After record March warmth in many areas (except for the West Coast, with some areas receiving record snowfall either in daily values and/or for the whole month of March), we’ll be looking at another warm month. All of the warm signals were in place at the start of last month, but this month the signals are a bit more mixed as the weather pattern tries to change it up some. Still looking at a warmer than normal month overall for most of the U.S.

16 April 2011 Storm Chase (Pt. 3 of 3) – Chase Log

Jason Foster and I left Gaithersburg, MD a few minutes after 8am to make the trek down to North Carolina for what turned out to be one of the biggest East Coast tornado outbreaks in history. The plan was to be near Wilson, NC around 12:30-1:00pm to eat and begin our chase. However, being the first day of Spring Break for many, I-95 southbound was clogged with traffic, sometimes coming to a complete stop all the way from Washington, D.C. down through northern NC. At one point we even resorted to using back roads to help make up for the time lost in transit. We finally arrived at our target destination over an hour later than planned after 2:00pm when discrete supercells were just starting to get organized to our south and west. Having no time to stop and eat, Jason and I quickly fueled the car, grabbed some snacks and headed towards the cell that was tracking towards Raleigh.

We headed towards the Raleigh cell as the Raleigh metro area was getting tornado warned. Being a bit behind the cell, we had to play catch-up. Visuals weren’t spectacular as the circulation was rain-wrapped as it pushed through the southern suburbs. The cell showed signs of cycling, so Jason and I continued with it into eastern Raleigh, where we spotted a funnel cloud and possible tornado. Since trees were in the way, we could not see whether or not the circulation had reached the surface while we were observing it. Shortly after this circulation became rain-wrapped as well, so we headed back south to catch the nearest of several storms that had active tornado warnings.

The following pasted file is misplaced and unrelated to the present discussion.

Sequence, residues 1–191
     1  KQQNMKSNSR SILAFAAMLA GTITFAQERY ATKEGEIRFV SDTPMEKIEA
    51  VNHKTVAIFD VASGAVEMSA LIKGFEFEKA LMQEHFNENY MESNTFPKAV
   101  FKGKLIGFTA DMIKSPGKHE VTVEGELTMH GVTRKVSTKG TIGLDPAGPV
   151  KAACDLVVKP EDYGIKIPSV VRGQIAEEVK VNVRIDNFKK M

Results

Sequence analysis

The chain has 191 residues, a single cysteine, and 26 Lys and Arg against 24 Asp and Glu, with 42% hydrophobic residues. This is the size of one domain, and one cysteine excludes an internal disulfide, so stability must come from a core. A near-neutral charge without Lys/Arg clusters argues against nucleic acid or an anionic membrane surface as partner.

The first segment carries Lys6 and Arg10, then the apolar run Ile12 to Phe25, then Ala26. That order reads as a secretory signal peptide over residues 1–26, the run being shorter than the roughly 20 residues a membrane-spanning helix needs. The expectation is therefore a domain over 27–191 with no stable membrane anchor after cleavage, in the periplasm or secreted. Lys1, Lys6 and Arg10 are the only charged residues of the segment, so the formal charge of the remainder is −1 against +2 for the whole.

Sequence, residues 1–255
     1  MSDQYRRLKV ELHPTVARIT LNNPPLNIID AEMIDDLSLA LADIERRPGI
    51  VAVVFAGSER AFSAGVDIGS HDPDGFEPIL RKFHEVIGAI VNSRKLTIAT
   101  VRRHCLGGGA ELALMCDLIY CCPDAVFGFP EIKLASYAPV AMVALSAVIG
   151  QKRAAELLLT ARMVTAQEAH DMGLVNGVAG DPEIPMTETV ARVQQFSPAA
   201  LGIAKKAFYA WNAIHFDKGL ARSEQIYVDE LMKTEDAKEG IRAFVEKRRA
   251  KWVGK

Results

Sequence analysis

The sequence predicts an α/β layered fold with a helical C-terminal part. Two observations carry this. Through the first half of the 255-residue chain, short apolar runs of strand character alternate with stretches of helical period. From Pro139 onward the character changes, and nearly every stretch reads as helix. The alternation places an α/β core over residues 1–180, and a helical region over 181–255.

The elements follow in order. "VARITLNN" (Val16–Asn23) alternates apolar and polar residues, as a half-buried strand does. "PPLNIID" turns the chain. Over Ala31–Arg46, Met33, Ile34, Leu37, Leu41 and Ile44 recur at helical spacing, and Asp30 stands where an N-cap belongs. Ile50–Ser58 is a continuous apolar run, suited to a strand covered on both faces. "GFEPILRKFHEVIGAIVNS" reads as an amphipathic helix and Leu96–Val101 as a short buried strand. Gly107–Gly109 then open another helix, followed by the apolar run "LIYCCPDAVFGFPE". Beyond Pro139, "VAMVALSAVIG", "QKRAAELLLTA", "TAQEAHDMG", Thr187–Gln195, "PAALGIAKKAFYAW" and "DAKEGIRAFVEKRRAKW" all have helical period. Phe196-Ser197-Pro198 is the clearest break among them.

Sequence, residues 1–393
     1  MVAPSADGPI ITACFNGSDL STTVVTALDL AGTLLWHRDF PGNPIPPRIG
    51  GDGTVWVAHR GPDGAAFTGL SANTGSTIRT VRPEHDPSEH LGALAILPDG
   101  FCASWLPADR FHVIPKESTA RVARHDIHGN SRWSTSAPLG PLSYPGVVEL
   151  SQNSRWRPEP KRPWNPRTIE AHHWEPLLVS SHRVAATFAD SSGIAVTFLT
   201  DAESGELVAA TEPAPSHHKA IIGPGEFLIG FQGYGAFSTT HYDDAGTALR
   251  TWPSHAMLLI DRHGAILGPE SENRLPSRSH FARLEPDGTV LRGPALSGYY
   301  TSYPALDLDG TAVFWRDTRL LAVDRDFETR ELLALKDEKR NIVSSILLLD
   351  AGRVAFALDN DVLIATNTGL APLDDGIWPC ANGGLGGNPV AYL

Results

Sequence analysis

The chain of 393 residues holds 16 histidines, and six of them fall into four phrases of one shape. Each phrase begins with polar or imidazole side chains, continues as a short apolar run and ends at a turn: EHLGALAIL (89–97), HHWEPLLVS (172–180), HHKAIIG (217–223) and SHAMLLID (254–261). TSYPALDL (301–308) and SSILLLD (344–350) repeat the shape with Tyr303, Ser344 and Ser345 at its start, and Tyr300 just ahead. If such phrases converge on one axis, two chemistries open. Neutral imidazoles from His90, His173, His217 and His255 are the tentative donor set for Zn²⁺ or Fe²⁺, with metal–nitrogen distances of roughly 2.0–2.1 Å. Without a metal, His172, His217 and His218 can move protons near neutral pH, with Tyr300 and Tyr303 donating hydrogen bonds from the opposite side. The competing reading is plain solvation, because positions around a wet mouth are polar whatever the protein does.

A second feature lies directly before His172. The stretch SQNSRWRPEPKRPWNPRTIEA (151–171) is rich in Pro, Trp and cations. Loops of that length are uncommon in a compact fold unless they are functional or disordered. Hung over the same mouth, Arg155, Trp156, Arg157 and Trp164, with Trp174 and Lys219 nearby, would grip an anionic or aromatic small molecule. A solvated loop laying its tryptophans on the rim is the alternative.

After dropping south to come in through the western edge of the core, Jason and I turned back onto I-95 to get to the second storm’s circulation, which had also become rain-wrapped. The cell weakened substantially and didn’t look like it was going to cycle, so we dove back to the southeast to get behind another storm.

The third storm had produced a tornado over Snow Hill not too long before we had arrived in the outskirts of the town. A couple miles NW of town we came upon 3″ hail, took some quick photos and measurements and headed SE. We were stopped just short of town where many emergency vehicles were already on scene. A small community and a couple of commercial buildings had taken heavy damage by a small, concentrated tornado. Some of the homes had very little damage, but two homes in the direct path of the tornado had been completely ripped off of their foundations. One of these houses was still relatively intact within the property lines, but another house was pretty much gone.

Jason and I spent some time documenting the damage before hearing of another storm entering the area. This storm passed us to the east, and we headed off to try to catch the cell as it traveled NE at ~50 mph, which was actually one of the slower storm motions we had seen from the many warnings that had been issued in NC that day. Alas, the road network was not favorable for an intercept, so after a short chase with the daylight fading we started to trek back towards I-95 to get back home.